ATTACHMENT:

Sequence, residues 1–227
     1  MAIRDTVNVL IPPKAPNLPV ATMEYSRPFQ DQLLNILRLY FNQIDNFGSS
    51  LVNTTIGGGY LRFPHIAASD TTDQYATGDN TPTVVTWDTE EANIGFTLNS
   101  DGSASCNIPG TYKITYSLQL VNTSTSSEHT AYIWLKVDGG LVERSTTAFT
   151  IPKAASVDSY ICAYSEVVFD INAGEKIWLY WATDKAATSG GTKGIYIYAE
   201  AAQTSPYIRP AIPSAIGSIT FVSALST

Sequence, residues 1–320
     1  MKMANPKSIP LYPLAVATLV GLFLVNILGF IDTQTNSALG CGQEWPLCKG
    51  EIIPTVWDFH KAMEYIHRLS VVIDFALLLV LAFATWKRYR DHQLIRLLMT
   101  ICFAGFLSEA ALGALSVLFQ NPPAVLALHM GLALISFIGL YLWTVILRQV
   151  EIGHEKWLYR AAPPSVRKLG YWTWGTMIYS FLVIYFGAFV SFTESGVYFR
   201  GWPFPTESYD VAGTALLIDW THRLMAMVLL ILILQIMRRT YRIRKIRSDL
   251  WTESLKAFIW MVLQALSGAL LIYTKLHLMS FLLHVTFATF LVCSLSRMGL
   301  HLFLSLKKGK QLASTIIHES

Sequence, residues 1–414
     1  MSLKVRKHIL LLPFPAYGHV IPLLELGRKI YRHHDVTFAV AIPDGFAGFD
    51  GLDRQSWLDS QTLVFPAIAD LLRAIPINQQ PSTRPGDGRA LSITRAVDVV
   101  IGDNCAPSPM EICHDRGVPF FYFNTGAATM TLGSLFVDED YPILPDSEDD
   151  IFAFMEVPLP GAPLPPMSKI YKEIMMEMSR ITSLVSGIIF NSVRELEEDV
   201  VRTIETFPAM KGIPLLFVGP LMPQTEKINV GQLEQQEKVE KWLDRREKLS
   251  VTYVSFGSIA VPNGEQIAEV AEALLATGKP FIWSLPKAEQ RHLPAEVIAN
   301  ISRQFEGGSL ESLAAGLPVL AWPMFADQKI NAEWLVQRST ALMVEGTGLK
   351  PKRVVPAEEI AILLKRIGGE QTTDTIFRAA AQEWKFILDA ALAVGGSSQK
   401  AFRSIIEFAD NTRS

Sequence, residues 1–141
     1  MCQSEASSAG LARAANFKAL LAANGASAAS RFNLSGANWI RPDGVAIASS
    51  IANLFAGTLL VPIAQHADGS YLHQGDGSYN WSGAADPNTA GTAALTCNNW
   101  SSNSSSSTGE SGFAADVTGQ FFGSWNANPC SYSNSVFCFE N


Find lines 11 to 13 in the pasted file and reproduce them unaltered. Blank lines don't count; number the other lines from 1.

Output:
   151  EIGHEKWLYR AAPPSVRKLG YWTWGTMIYS FLVIYFGAFV SFTESGVYFR
   201  GWPFPTESYD VAGTALLIDW THRLMAMVLL ILILQIMRRT YRIRKIRSDL
   251  WTESLKAFIW MVLQALSGAL LIYTKLHLMS FLLHVTFATF LVCSLSRMGL